May Day came a month or so early this year. Or maybe that should be May Week. After last week’s inter-party tweet wars between Harper and Ignatieff simmered down with the release of the Liberal platform and a welcome return to focusing on policy, the question of Green Party leader Elizabeth May’s participation in the leaders’ debates remains open. As it stands, she will not be invited to the debates on April 12 and 14 after television networks told her to do one as her party has no representation in Parliament.
On Friday’s CBC news, Peter Mansbridge asked Chantal Hébert and Maclean’s columnist Andrew Coyne what they think of all this (the issue is raised 8 minutes into that clip). With a degree of trepidation in her voice, Hébert said she agreed that May should not be invited, mainly because of her performances in 2008 which “did not highlight the Green Party and turned it into more of a gang of four against one,” but also because the party has “become a machine to elect Elizabeth May” and the criteria for invitation must include Parliamentary representation. Coyne was more sympathetic, noting that the Greens consistently poll somewhere in the 7-10% range and May should be present on that basis.
Perhaps he did not mean to do it, but for this non-Canadian observer Coyne and Hébert had just summoned a rather giant elephant about the size of Canada itself into the room. The House of Commons of Canada has 308 members and the Green Party attracts about one vote out of every 12 cast in recent federal elections, yet the party does not have a single seat. Hébert is probably right in saying that representation in the legislature should come before participation on the debate and Coyne was probably justified in floating the commonly-held belief among voters that the Greens are not just another fringe party. They were both right, yet they disagreed.
And so the elephant sat there in silence, present but never spoken of. Any electoral system in which a party with 7-10% of votes cannot get a single seat in a 308-seat legislature must be seen as deeply flawed. It is only natural that with support spread a mile wide and an inch deep — the exact opposite of the Bloc, as I discussed before — the Green Party is focusing on a small number of ridings where it feels it can achieve success. With May herself going up against Defence Minister and former PC leader Peter MacKay in Nova Scotia, however, it looks like the Greens will draw another blank in terms of electoral success. They will then point to their popular vote of around one million and see it as a moral victory, but there is a limit to how many times moral victories can be seen as an adequete substitute for real success.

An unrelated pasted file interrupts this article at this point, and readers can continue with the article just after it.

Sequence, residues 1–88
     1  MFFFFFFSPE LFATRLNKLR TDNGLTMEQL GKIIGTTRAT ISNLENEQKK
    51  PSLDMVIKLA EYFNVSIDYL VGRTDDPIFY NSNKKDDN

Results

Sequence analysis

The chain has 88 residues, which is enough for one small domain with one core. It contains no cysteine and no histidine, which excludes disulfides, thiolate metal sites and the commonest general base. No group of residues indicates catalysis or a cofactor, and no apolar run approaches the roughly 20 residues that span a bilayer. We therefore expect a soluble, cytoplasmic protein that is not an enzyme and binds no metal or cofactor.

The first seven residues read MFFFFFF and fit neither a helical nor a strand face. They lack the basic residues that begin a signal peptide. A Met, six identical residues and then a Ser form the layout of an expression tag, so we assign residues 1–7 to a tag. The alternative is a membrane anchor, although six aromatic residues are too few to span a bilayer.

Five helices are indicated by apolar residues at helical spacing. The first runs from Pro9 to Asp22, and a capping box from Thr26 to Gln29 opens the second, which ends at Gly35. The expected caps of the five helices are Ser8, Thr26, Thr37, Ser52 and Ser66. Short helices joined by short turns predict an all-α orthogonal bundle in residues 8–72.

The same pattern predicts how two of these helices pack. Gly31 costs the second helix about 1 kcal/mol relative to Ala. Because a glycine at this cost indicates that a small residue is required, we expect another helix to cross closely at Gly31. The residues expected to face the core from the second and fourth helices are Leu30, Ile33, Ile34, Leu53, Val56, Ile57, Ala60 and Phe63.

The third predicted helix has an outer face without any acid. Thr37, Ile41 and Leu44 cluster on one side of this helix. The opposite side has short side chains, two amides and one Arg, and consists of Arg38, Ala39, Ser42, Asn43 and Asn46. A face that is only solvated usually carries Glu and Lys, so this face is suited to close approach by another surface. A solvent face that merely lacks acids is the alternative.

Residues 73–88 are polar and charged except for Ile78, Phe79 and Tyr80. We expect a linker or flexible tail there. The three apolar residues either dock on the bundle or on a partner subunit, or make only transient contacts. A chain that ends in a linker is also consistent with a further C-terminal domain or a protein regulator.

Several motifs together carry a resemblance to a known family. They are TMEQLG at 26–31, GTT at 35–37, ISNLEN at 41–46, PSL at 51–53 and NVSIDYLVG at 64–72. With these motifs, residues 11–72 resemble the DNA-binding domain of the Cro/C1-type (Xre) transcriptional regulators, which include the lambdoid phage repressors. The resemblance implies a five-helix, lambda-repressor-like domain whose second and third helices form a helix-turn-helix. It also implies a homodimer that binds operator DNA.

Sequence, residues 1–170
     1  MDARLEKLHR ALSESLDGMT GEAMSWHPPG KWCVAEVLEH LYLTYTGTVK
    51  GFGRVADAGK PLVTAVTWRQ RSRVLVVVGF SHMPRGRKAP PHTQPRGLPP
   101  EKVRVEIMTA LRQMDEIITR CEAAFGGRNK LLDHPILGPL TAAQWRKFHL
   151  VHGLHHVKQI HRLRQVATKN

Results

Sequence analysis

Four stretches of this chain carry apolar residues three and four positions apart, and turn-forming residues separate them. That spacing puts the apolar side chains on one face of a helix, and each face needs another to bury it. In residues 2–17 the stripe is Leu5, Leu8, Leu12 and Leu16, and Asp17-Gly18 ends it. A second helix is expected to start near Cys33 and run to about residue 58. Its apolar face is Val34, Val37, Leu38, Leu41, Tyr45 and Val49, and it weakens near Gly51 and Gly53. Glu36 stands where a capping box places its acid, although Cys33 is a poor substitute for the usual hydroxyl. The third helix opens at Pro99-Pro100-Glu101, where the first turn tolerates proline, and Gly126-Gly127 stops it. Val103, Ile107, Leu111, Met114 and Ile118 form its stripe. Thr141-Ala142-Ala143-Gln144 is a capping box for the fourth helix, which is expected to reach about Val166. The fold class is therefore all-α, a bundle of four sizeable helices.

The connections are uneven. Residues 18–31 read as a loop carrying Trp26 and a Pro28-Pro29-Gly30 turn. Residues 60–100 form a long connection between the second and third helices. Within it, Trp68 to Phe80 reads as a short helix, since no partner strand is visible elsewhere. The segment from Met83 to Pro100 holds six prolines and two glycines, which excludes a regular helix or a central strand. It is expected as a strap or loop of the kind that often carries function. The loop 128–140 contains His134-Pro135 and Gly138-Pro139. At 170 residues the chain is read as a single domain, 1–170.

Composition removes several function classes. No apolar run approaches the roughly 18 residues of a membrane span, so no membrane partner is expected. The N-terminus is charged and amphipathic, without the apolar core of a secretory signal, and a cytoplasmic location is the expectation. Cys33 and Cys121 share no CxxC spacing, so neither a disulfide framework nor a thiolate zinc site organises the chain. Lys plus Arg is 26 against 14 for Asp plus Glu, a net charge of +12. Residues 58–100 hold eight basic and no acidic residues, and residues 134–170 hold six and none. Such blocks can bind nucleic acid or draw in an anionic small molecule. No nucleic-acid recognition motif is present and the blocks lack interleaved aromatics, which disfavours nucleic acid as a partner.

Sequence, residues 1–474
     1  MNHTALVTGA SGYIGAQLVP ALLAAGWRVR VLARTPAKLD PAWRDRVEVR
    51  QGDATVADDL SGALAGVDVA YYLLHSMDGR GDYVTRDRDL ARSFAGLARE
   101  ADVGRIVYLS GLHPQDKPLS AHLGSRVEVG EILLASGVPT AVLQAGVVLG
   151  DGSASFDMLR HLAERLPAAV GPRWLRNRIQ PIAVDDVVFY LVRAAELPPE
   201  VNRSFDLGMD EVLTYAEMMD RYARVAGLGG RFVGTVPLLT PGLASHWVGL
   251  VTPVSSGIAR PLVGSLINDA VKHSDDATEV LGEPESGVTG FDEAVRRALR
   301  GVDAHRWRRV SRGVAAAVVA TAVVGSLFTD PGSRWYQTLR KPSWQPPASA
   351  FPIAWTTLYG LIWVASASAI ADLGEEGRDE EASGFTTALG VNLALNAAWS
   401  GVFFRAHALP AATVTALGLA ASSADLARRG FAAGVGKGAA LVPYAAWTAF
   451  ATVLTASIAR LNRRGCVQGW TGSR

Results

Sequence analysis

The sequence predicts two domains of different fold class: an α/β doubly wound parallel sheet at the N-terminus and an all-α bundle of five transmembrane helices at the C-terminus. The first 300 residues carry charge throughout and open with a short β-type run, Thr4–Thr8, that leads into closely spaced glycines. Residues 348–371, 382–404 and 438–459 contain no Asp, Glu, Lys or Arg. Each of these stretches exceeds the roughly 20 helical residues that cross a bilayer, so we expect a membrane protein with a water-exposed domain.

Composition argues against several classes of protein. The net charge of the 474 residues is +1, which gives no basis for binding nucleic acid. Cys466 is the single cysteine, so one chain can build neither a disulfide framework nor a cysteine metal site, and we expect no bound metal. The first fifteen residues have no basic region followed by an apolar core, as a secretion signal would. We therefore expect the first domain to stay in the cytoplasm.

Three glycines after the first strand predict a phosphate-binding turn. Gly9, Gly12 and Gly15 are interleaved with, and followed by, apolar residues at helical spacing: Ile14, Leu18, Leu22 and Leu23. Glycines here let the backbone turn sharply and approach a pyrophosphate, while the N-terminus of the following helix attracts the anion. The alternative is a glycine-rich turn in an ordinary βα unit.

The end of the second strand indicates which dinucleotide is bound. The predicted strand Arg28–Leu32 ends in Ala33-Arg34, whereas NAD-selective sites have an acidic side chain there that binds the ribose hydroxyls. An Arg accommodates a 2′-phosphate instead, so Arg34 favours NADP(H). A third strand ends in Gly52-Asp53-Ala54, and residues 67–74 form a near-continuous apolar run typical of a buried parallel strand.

But what is “success” for the Greens? The long-term goal must be for the party to draw up or influence policy. In the medium-term, it must be to have a number of MPs in Ottawa, beginning with at least one in this election if possible, so as they can hold government to account and use its weight of seats to influence budgets. In the short-term, the goal must be to push for a change in the electoral system away from First-past-the-post. Without a change in how elections are done, the medium- and long-term goals are just dreams.